Diabetic neuropathy increases risk for amputation. Over half of all amputations per year are due to diabetes and diabetes-related complications. Most are lower-extremity amputations, such as diabetic foot amputation. This operation numbers about 86,000 per year, according to the National Institute of Health. It is estimated that careful foot care could prevent nearly half of those operations.
Diabetic neuropathy, or nerve damage, develops when nerves are damaged due to high glucose levels. There are different types of diabetic neuropathy. Peripheral neuropathy is a type of diabetic neuropathy that affects the toes, feet, legs, hands, and arms. The longest nerves are affected first
Diabetic neuropathy develops in 60 to 70% of people with diabetes. Risk of diabetic neuropathy and amputation increases with advanced age, being overweight, and duration of diabetes with highest rates among those who have had diabetes for more than 25 years.
Diabetic Neuropathy Can Lead to Amputation Risk
Uncontrolled diabetes can cause damage to nerves and reduce sensation. Injuries (even small ones) can develop without notice or pain and develop into ulcers, infections, and cause tissue death (gangrene). Poor circulation is a common problem for people with diabetes and this contributes to slowed healing.
The feet are at higher risk because they are not easy to see. A foreign object such as a tack can get stuck in the bottom of the foot or an irritation can develop into an open wound or ulcer, and go unnoticed because sensation in the area has been lost. People with diabetes need to take special care of their feet, and regularly inspect them for problems.
How to Reduce the Risk of Amputation Due to Neuropathy
- Don't smoke.
- Have your doctor check your feet at routine exams, and get regular foot checkups.
- Keep your blood sugar levels in control.
- Follow a healthy diet and get daily exercise.
- Wash and thoroughly dry your feet daily and inspect them daily.
- Always wear well-fitting shoes and clean, dry socks.
- Trim toenails carefully or have them trimmed by a professional.
- Don't use foot products, tools, or chemicals -- such as scrapers, scissors, files or wart removal treatments -- that can cause injury .
- Let your doctor know if you have a foot injury that is not healing normally within a couple days, or if you discover an injury of unknown origin and duration.
When Amputation Becomes Necessary
Tissue death and infection can eventually become so painful and life threatening that amputation becomes necessary if all other measures such as antibiotics and debridement fail to work. A part of the foot or a toe may have to be removed to save the entire limb. However, if the problem has spread up into a leg, the leg may have to be removed.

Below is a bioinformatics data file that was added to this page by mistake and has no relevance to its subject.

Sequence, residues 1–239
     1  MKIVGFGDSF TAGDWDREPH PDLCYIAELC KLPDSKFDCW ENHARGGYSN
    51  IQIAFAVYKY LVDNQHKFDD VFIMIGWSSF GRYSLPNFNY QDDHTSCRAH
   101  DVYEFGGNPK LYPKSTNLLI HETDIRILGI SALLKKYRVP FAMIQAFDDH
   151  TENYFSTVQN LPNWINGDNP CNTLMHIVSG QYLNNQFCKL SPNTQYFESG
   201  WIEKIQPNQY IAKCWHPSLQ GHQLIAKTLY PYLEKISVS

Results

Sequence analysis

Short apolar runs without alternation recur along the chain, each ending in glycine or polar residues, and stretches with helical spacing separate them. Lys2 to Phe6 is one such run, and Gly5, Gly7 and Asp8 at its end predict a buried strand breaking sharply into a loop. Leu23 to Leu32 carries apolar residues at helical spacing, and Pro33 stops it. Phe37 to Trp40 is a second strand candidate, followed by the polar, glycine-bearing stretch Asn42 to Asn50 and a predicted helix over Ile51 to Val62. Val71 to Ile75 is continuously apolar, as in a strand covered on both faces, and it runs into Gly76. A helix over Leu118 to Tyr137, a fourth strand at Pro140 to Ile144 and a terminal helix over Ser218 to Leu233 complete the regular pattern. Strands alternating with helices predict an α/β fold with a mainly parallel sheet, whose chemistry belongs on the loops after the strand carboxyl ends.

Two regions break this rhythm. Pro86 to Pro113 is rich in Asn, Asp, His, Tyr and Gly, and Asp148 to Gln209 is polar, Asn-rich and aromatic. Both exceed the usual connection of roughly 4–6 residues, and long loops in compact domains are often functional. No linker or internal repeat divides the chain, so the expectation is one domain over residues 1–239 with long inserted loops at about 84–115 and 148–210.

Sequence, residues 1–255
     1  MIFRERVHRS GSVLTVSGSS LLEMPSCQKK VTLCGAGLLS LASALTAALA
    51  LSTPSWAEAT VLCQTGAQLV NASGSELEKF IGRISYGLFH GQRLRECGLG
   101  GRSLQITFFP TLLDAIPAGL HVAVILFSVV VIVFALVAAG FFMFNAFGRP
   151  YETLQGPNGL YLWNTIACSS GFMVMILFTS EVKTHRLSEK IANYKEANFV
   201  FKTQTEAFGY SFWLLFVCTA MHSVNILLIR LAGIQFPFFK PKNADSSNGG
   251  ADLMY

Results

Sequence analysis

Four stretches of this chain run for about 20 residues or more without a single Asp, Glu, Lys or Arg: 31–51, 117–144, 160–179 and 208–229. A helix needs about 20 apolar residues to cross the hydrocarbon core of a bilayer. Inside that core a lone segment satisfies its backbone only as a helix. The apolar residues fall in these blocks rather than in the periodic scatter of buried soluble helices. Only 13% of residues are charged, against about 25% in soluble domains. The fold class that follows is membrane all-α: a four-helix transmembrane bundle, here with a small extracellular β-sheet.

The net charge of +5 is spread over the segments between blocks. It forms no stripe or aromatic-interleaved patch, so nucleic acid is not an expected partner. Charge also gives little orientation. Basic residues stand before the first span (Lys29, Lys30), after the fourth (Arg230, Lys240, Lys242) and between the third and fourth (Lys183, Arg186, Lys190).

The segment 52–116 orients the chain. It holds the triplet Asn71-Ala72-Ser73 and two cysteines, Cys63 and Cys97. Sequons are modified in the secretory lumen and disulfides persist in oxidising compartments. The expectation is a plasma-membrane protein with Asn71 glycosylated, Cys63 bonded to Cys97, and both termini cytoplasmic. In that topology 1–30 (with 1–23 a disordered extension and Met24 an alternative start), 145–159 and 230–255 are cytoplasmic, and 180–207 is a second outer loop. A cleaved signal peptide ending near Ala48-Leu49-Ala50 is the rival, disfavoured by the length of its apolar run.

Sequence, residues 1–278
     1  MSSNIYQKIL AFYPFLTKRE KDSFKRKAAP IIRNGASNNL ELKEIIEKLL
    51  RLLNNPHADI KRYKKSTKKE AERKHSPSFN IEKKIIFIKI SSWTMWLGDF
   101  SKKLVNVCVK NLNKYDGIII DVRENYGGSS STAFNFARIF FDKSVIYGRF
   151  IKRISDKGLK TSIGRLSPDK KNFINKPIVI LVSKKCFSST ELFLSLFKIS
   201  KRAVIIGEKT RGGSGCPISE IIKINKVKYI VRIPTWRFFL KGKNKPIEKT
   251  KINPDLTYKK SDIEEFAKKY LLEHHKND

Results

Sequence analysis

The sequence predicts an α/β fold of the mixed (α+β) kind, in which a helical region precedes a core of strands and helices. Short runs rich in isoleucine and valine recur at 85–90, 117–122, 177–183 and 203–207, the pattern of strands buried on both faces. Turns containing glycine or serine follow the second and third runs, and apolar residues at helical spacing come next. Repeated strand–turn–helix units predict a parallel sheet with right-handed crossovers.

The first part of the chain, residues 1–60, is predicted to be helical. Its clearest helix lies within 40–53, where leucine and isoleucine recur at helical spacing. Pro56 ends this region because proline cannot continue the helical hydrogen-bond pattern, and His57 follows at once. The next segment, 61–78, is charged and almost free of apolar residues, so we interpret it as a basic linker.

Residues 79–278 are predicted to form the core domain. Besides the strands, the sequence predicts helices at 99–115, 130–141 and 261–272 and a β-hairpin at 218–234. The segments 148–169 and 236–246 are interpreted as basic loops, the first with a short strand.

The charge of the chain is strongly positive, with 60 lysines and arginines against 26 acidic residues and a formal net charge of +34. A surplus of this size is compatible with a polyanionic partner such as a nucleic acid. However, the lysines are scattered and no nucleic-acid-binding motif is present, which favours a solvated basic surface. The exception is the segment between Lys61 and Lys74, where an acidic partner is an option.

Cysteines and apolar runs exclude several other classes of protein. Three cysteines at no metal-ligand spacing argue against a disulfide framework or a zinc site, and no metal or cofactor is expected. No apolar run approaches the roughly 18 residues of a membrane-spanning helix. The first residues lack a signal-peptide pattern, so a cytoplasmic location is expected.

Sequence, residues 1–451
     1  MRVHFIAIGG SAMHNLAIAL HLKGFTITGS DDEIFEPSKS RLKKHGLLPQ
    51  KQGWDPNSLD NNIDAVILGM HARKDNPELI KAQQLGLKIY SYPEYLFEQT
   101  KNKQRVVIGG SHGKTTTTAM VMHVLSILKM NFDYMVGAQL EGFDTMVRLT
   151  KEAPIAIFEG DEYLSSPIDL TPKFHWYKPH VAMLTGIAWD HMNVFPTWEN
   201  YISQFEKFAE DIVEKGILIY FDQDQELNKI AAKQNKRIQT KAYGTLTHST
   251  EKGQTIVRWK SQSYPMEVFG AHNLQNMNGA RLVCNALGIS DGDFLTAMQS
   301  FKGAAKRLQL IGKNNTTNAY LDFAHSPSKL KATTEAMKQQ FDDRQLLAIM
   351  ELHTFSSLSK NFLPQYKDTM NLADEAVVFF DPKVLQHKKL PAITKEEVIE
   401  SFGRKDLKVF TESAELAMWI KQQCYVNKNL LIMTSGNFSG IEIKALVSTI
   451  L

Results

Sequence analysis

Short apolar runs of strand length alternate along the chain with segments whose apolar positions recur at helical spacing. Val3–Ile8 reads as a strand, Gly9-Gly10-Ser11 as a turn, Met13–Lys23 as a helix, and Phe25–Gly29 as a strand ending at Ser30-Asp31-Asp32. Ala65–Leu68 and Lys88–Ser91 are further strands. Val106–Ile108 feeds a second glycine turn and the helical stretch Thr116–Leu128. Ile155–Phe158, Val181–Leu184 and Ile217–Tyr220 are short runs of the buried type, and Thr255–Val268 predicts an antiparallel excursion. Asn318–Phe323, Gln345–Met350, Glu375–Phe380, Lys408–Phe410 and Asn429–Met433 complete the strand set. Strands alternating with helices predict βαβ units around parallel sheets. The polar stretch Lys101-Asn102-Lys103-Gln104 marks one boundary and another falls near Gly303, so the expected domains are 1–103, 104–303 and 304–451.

Damaged tissue will be removed during surgery with as much healthy tissue preserved as possible. The patient may require many days in the hospital and it can take up to eight weeks for the wound to completely heal.
After surgery, the patient will be helped by an amputation rehabilitation team to learn to deal with the physical and emotional challenges. A prosthesis may be needed and the team will help the patient adjust. The team will also be able to help with assistive devices, home adaptations, and learning to accomplish normal daily activities. Some amputees experience pain or discomfort in the missing limb. This is called phantom pain. Their team can help them learn how to deal with this problem.
Losing a part of the body, even a small part, can be emotionally traumatic. The patient may experience depression, anxiety, social discomfort, and body-image anxiety. They need to be given time to adjust and heal. Problems may be eased with social support, active coping attempts, and satisfaction with their prosthesis. The patient may find help through professional mental health support, peer groups, or talking to someone that has experienced an amputation.
For more information, see Information About Amputations and Prosthesis, a list of resources created by the About.com Orthopedics Guide.
2007 National Diabetes Fact Sheet. Centers for Disease Control and Prevention. Accessed: May 27, 2010. http://www.cdc.gov/diabetes/pubs/estimates07.htm
Amputation. Society for Vascular Surgery. Accessed: May 27, 2010. http://www.vascularweb.org/vascularhealth/pages/Amputation.aspx.
Diabetes and Lower Extremity Amputations Fact Sheet. Amputee Coalition of America. Accessed: May 27, 2010. http://www.amputee-coalition.org/fact_sheets/diabetes_leamp.html
Diabetic Neuropathies: The Nerve Damage of Diabetes. National Diabetes Information Clearinghouse. Accessed: May 27, 2010. http://diabetes.niddk.nih.gov/dm/pubs/neuropathies/
Foot complications. American Diabetes Association. Accessed: May 27, 2010. http://www.diabetes.org/type-2-diabetes/foot-complications.jsp.
Horgan, Olga and MacLachlan, Malcolm. "Psychosocial adjustment to lower-limb amputation: A review" Disability & Rehabilitation 2004 26(14):837-850